Most cricketers sound like the greenest cliché-spouting cub reporter when you talk to them about their game. Ask even international batsmen how they got out and they will say something like, "I played forward, missed the ball and was bowled", or "Somehow I missed the line".

Over the years you quickly learn whose judgment to trust and whose to take with various amounts of salt. Batsmen and bowlers both speak platitudes and wrap their thoughts in the routine words of the laziest reporters. This is unfortunate, because out in the middle, players experience the game in a manner that is denied to the most perceptive critic in the press box.

One of the few exceptions was the Australian batsman and writer Jack Fingleton. He was good enough to score four successive Test hundreds, and gifted enough to write some of the finest books on the game, including an autobiography (Batting From Memory) and a measured commentary on Bodyline 13 years after that tour (Cricket Crisis). Harold Larwood, the great fast bowler who succeeded in keeping Bradman's average in that series down to a mere 56, once said that of all the Australian batsmen in the Bodyline series, none was braver than Fingleton. "I could hit him but I couldn't knock him down," he said.

Fingleton played 18 Tests (his sixth-wicket stand of 346 with Don Bradman remains a world record), made 1180 runs at 42.46, and pursued a career as a political journalist. John Arlott paid him this tribute: "He is a writer of gusto, observation, subjectivity, expertise and wry humour, with his own, highly independent point of view. It may be said of him almost alone among cricket writers that he owes nothing to anyone; he is himself - and a diverse himself it is."

Fingleton began the Bodyline series with scores of 26, 40 and 83 but made a pair in Adelaide in the third Test. When news spread of the confrontation between Australian captain Bill Woodfull and English manager Plum Warner in the dressing room ("There are two teams out there, only one of them is playing cricket," Woodfull told Warner) it was assumed that Fingleton, the only journalist present, had leaked the story to the media. This probably cost him a place in the team for the 1934 tour of England. But Fingleton revealed later that it was actually Bradman who had leaked the story. "I have always held it against the Don that he did not own up and clear me," wrote Fingleton, adding, "At least he was a very good and observant reporter. He had every detail correct." Bradman had an arrangement with the Sun and gave the details to its reporter Claude Corbett, who later confessed to Fingleton. The incident merely added to the mistrust between Bradman and Fingleton, his greatest critic at the time.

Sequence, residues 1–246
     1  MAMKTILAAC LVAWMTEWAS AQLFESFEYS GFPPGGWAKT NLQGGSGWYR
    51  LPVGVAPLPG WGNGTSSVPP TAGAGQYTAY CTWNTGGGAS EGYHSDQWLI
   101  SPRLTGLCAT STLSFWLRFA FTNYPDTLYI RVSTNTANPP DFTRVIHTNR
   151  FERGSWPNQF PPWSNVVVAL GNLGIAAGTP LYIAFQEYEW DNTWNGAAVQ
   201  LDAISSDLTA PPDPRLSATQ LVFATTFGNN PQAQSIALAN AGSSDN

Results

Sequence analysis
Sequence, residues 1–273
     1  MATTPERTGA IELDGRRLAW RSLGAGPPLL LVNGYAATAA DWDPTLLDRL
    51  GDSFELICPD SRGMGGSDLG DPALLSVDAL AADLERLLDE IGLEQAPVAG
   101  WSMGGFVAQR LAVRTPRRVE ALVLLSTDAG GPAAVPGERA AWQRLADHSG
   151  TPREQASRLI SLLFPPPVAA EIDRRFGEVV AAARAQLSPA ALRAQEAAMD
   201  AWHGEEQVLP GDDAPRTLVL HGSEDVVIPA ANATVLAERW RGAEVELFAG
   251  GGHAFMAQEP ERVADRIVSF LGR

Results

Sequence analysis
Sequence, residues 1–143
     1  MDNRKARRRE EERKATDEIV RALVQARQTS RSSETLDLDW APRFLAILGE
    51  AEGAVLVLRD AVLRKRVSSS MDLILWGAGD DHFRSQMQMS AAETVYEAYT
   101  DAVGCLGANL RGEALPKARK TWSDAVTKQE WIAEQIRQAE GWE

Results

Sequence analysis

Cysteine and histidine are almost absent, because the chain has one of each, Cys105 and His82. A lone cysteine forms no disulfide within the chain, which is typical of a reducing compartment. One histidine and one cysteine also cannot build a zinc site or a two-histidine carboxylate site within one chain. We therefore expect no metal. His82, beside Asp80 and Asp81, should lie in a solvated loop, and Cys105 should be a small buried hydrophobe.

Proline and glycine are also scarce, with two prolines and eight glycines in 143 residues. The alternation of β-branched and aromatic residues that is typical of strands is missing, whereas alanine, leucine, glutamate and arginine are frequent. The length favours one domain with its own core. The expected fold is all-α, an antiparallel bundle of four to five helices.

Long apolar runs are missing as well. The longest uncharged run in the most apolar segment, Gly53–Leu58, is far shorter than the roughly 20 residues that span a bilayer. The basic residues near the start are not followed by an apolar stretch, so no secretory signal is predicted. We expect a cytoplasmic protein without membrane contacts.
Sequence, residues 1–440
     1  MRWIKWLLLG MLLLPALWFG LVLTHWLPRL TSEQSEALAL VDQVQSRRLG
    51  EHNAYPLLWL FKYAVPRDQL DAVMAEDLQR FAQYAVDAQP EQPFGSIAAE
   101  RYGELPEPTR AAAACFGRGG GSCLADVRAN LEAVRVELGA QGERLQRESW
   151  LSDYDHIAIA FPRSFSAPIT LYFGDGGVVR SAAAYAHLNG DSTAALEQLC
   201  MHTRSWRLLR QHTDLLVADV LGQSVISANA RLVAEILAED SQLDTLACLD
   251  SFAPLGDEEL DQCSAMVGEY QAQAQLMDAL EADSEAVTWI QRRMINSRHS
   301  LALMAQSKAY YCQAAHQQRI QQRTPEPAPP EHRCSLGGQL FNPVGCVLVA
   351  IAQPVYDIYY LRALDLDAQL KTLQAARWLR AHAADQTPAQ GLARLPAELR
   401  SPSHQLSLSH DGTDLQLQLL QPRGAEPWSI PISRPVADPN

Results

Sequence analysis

"Fingleton writes from the middle; he feels the game and every action as a player who has acquired that professional 'extra sense' which sends him to the root of the matter" Neville Cardus

Whatever their personal differences, however, Fingleton was an admirer of Bradman the batsman. "Bradman at the wicket was completely at ease and at rest until the ball began its apologetic advance towards him. His lithe, compact body was a powerhouse of latent electricity until the switch of a ball released was turned and then his brightness flashed in all directions. He was at his best in making the placement of a field look foolish... "

The range of Fingleton's writing on the game is fascinating. There is, as we have mentioned, the autobiography, the tour books (Brightly Fades the Don, on Bradman's last tour of England in 1948; The Ashes Crown the Year, England 1953), the book on major players (Masters of Cricket), the book on large themes from Bodyline onwards (Cricket Crisis), the book on a single game (The Greatest Test of All, on the Brisbane tied Test), and biography (The Immortal Victor Trumper).

Fingleton was possibly the finest cricketer-writer ever. And this group includes Richie Benaud, Ian Peebles, Trevor Bailey and Ashley Mallett. There seems to be a touch of envy in Neville Cardus' tribute in the foreword to Cricket Crisis: "Fingleton writes from the middle; he feels the game and every action as a player who has acquired that professional 'extra sense' which sends him to the root of the matter with no need to go round and round by way of the layman's necessarily inferential way of approach."

It is the envy of the wordsmith who has not scored a Test match century or taken five wickets in a Test match innings. One understands.